He said the initial aid shipments, provided that they were not diverted or stolen by Hamas, would “provide an opening for sustained delivery of life saving humanitarian assistance for the Palestinians”.
And while the president has taken criticism from activists on the leftward flank of his Democratic Party who’ve bristled at his steadfast support for Israel, he strongly reiterated the US commitment to end the long-running Israeli-Palestinian conflict with the establishment of a Palestinian state to exist alongside Israel.
“As hard as is, we cannot give up on peace — we cannot give up on a two state solution,” he said, adding that both Israelis and Palestinians “equally deserve to live in safety, dignity and peace”.
The president’s call for aid to Ukraine and Israel comes just over two weeks after Congress staved off a government shutdown with a stopgap funding bill that omitted the aid to Kyiv which Mr Biden has been pressing for in the face of increasing opposition from Republicans who see cutting off support for Ukraine’s defence as a way to undermine one of the president’s foreign policy accomplishments as he heads into an election season.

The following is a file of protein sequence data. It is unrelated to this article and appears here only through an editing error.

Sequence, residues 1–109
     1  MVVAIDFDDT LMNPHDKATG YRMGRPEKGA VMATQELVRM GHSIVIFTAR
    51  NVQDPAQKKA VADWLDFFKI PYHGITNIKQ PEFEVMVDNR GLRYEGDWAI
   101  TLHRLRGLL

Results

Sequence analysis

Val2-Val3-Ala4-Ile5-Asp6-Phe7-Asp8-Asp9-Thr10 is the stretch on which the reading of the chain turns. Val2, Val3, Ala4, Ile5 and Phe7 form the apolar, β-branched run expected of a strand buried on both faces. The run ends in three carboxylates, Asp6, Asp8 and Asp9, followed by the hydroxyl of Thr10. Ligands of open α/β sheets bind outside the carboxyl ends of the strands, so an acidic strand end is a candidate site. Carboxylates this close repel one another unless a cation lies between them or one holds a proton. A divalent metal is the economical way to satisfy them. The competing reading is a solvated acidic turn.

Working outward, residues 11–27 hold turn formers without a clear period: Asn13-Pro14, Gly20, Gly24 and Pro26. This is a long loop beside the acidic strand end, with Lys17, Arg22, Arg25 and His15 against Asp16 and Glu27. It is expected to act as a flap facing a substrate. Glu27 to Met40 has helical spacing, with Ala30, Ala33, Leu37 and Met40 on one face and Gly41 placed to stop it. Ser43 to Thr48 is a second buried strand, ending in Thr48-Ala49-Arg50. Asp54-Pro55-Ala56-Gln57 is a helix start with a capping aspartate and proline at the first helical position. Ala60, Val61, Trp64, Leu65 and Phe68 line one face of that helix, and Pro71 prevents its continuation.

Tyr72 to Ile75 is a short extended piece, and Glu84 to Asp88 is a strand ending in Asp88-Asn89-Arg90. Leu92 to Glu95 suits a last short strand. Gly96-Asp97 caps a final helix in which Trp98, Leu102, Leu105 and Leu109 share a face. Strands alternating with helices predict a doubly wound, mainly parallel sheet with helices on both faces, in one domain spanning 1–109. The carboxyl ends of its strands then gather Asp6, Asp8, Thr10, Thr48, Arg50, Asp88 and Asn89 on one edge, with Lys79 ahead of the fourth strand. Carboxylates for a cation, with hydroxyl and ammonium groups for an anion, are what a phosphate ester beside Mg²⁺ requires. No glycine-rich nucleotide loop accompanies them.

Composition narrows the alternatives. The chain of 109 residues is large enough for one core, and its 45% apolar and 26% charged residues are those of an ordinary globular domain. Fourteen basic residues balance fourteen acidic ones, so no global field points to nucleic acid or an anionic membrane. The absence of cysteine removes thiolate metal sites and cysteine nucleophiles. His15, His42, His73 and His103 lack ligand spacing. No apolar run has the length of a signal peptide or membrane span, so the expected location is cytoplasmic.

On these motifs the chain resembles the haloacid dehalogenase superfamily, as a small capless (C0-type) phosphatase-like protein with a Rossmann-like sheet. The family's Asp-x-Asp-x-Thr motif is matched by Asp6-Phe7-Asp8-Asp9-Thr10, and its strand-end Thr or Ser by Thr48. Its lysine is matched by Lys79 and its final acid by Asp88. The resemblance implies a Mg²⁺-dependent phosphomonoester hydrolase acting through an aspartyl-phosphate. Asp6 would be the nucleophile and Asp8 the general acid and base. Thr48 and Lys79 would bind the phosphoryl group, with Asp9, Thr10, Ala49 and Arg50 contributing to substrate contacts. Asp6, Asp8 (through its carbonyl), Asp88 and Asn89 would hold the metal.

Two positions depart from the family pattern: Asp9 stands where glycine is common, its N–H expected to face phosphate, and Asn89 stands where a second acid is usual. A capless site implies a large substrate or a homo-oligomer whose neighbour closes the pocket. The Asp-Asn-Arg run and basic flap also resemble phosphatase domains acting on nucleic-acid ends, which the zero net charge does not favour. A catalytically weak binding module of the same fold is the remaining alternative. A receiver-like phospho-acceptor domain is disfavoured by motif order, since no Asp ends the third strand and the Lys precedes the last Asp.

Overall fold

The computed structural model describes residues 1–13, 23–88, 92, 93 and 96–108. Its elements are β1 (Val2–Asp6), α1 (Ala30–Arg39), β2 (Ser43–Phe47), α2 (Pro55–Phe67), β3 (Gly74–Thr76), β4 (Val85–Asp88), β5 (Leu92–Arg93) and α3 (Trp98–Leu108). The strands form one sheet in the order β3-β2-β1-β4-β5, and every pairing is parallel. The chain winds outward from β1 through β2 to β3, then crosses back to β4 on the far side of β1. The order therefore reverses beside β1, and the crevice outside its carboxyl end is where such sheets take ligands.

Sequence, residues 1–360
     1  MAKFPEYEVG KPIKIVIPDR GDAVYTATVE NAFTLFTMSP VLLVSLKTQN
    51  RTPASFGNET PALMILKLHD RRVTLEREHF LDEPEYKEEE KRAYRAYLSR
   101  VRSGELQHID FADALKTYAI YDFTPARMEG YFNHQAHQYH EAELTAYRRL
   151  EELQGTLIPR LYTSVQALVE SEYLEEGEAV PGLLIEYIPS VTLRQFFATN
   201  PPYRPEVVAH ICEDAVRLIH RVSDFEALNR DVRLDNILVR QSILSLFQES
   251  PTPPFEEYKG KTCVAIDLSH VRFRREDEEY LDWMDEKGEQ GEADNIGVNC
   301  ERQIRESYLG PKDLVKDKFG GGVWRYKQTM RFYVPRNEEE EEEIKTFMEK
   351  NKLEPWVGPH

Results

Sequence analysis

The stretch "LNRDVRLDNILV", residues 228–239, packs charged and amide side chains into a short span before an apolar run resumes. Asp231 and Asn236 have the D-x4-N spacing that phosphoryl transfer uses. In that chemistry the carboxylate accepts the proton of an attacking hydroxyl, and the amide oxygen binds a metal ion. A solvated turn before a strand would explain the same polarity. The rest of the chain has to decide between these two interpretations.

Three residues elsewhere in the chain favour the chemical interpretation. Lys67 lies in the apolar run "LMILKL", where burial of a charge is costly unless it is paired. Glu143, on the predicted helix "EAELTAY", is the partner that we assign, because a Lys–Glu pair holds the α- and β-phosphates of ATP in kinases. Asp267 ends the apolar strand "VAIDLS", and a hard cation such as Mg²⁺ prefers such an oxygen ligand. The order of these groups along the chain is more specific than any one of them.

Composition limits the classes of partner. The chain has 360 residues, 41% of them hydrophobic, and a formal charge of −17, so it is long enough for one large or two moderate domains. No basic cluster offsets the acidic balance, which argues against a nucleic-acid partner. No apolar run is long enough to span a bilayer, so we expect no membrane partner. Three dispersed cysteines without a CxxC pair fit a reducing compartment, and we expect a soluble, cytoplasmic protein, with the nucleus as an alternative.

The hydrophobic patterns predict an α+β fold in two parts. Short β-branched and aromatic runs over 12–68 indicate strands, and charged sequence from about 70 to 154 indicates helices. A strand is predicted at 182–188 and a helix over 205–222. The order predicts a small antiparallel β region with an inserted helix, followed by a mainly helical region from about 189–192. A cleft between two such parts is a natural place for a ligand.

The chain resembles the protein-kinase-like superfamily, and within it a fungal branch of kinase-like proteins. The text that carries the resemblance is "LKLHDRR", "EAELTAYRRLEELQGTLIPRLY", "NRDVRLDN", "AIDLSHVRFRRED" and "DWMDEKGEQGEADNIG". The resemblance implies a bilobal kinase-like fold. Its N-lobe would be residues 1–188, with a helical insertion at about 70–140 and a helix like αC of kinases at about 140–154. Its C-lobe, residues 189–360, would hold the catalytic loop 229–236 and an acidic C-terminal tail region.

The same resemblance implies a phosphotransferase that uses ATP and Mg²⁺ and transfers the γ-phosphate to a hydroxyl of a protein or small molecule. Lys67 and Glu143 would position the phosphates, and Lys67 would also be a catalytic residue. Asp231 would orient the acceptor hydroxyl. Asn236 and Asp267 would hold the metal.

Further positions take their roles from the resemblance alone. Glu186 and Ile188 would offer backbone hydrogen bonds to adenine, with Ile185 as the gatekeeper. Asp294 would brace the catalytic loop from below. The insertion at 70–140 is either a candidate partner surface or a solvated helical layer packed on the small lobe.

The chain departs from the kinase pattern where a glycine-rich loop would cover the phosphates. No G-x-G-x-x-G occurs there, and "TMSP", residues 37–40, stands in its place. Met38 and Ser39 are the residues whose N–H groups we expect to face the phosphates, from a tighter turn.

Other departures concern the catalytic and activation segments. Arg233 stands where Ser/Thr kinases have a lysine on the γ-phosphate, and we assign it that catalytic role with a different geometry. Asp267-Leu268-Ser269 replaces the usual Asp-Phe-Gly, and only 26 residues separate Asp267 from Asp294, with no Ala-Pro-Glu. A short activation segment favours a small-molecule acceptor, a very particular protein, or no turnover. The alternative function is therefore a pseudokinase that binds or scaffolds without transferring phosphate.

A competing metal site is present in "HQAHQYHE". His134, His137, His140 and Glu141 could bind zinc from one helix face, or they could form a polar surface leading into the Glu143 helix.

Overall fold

While aid to Ukraine once had broad bipartisan support, more and more Republicans have voiced opposition to further assistance at the behest of former president Donald Trump, who once attempted to withhold military aid to Ukraine in order to blackmail Ukraine’s president into announcing sham investigations into Mr Biden and his son.
By linking aid to Ukraine and Israel in a single package, Mr Biden would make it much more difficult for Republicans to oppose the combined funding bill, which would likely receive bipartisan support in both the House and Senate.
Yet it’s not clear whether the American Congress is capable of enacting any legislation at all, as the House of Representatives still lacks a speaker following the ouster of Representative Kevin McCarthy, after he allowed the government to remain open by letting the stopgap funding bill pass the House last month.
That legislation expires in less than a month, and until the House elects a new speaker, it cannot take up legislation to fund the federal government or to fund defence aid for Ukraine and Israel.
Mr Biden said innocents in both nations have been able to have hope because of US support for their respective countries’ defence.
Those people, he said, are “desperate not to be forgotten by us and are waiting for us”.
But he warned that time was “of the essence” and urged Republicans and Democrats to move past their disagreements to enact his funding package for Israel and Ukraine.
“We can't let petty, partisan, angry politics get in the way of our responsibility as a great nation,” he said.
“We cannot and will not let terrorists like Hamas and tyrants like Putin win — I refuse to let that happen. In moments like these, we have to remember who we are: We are the United States of America ... and there is nothing, nothing beyond our capacity if we do it together”.